Photo Courtesy of Cassian Elwes

Photo Courtesy of Cassian Elwes

I cut my teeth in the film business in the mid-80s, before the internet or even piracy was even a thing. Piracy back then was the guy on the street corner selling bootleg copies or the guy sitting in the back of the theater recording the movie directly onto a VHS tape. Not to minimize the criminality of these acts, but piracy has grown up right alongside the internet like a little brother who won’t stop stealing candy bars no matter how many times he gets his hand slapped.

Well it’s high time we move from hand slaps to something a bit harsher.

As a producer, and particularly as an executive producer, my job is to understand the finances of a film – what is it going to cost us, versus what we are going to make on it. In 2013, I was the executive producer on Dallas Buyers Club, a critically-acclaimed film that had strong Oscar® buzz. Even with this popularity surrounding our film, I was amazed to see the millions of illegal transactions from all over the world pour in. People all over the world downloaded or streamed my movie illegally without paying a dime. This wasn’t the aforementioned guy on a New York street corner with DVD boxes lying on a picnic blanket. This wasn’t the guy filming from the back row of a seedy multiplex. These are millionaires hosting our film on their site as they reap the benefits of ad-revenue from legitimate brands that have no idea where their logo is appearing. This is not a petty thief or your garden-variety shoplifter – this is a well-oiled criminal enterprise putting dollars in their bank accounts that rightfully belonged to our crew, our actors, our distributors, and myself.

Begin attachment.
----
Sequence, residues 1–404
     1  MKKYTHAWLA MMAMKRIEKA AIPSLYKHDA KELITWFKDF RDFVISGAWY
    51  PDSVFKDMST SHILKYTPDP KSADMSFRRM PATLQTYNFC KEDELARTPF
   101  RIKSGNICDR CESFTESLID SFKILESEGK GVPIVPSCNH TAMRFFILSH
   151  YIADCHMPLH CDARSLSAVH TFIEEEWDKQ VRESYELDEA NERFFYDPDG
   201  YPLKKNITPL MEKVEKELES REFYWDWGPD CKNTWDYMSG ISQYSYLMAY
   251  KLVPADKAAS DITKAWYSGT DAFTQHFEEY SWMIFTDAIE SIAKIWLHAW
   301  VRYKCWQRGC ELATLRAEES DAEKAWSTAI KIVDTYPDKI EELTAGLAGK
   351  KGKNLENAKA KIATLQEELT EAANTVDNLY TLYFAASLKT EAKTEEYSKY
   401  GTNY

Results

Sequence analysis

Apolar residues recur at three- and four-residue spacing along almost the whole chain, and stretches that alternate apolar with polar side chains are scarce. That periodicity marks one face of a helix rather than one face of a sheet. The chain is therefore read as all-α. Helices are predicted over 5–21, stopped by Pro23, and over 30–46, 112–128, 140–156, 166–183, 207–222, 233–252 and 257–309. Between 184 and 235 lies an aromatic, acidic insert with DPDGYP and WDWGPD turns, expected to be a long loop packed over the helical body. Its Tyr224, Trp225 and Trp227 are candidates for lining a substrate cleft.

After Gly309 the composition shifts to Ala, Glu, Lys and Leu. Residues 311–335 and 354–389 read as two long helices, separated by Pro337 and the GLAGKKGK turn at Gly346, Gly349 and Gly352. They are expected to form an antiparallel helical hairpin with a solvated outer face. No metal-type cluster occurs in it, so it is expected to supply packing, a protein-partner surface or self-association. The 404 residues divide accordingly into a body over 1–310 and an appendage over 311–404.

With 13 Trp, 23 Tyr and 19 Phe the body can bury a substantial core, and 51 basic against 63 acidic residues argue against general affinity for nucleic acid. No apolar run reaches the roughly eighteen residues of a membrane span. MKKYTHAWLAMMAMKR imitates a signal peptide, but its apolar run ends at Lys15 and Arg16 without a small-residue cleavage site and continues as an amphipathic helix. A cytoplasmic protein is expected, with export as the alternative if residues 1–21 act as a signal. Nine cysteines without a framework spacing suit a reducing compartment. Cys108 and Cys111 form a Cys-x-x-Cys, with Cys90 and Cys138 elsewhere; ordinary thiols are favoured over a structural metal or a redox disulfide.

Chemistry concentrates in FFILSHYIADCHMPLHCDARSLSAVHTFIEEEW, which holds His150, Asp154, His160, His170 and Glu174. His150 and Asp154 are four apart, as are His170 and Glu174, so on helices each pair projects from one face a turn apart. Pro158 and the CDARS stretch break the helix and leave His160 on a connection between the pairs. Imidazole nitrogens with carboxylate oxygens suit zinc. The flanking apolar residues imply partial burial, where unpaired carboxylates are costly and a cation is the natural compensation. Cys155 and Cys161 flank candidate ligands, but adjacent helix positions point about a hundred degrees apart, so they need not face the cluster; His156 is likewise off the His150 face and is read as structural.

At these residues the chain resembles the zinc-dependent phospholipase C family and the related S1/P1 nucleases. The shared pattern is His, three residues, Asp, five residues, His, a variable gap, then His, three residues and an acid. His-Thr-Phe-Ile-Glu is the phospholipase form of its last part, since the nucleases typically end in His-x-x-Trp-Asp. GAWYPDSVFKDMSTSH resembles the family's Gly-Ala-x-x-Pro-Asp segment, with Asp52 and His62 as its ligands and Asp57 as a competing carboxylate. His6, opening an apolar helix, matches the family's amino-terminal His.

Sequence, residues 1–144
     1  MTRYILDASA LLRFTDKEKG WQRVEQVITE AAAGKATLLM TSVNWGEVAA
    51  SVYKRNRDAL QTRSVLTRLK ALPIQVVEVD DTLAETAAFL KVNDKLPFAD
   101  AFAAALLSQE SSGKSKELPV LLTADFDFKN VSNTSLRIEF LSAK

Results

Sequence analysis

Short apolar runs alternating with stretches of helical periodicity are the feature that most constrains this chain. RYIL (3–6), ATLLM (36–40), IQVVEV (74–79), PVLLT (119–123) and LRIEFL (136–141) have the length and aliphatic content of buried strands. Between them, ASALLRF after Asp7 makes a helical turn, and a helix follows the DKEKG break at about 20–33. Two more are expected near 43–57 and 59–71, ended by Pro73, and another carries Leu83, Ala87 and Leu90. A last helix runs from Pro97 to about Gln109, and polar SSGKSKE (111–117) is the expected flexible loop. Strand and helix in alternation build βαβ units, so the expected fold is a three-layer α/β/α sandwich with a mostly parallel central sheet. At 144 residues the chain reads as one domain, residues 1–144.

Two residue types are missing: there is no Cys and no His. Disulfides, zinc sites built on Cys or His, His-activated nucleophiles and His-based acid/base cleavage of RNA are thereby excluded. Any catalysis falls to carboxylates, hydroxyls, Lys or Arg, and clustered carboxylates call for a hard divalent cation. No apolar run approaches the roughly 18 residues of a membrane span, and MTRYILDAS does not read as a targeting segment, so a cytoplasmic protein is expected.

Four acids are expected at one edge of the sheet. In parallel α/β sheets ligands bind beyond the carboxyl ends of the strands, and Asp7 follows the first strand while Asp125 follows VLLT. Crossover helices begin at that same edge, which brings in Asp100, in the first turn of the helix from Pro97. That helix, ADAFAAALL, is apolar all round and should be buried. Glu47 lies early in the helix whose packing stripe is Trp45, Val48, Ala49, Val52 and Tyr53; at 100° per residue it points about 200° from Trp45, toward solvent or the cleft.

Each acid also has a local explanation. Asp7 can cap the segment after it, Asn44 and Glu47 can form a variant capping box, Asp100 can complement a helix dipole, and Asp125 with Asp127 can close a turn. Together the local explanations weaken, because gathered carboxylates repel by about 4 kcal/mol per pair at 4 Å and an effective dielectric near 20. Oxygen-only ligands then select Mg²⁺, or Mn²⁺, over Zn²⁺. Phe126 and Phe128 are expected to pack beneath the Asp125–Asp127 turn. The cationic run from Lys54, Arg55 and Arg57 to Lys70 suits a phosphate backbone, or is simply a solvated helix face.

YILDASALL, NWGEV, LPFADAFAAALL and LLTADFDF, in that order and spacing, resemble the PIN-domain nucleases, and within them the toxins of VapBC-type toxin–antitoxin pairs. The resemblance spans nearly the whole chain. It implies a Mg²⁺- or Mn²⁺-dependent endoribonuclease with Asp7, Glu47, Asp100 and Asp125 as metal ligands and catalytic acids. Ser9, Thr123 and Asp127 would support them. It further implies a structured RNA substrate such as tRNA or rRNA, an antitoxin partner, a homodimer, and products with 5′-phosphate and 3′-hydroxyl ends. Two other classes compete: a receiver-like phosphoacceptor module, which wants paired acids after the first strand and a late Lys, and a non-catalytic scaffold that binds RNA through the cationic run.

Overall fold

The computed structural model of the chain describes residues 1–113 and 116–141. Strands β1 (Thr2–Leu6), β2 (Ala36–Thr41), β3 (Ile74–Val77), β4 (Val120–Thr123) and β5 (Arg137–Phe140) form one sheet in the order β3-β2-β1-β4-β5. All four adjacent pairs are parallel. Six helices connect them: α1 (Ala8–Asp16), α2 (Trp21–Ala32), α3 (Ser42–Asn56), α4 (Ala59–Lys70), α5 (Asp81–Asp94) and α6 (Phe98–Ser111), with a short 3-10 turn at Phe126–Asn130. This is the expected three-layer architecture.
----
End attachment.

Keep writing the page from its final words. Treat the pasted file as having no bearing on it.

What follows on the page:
I felt helpless – but I simply had to chase them. And I did, but in the end, after years of running after them, I threw in the towel.

With the tools we have in place and the lack of help we’re getting from companies like Google, who facilitate the flow of traffic to these pirate hosting sites, we’re fighting a losing battle. As soon as we celebrate a hard-fought but minor victory, new sources would surface almost instantly, providing new links, new hosting sites, and new avenues for people to watch Dallas Buyers Club without paying the talented people who made it a reality a single cent. It’s not right.

The truth is that if this continues, independent cinema has its days numbered. We need to fix this and we need to fix it soon.

 

To learn more about Cassian Elwes and his work, click here.

 

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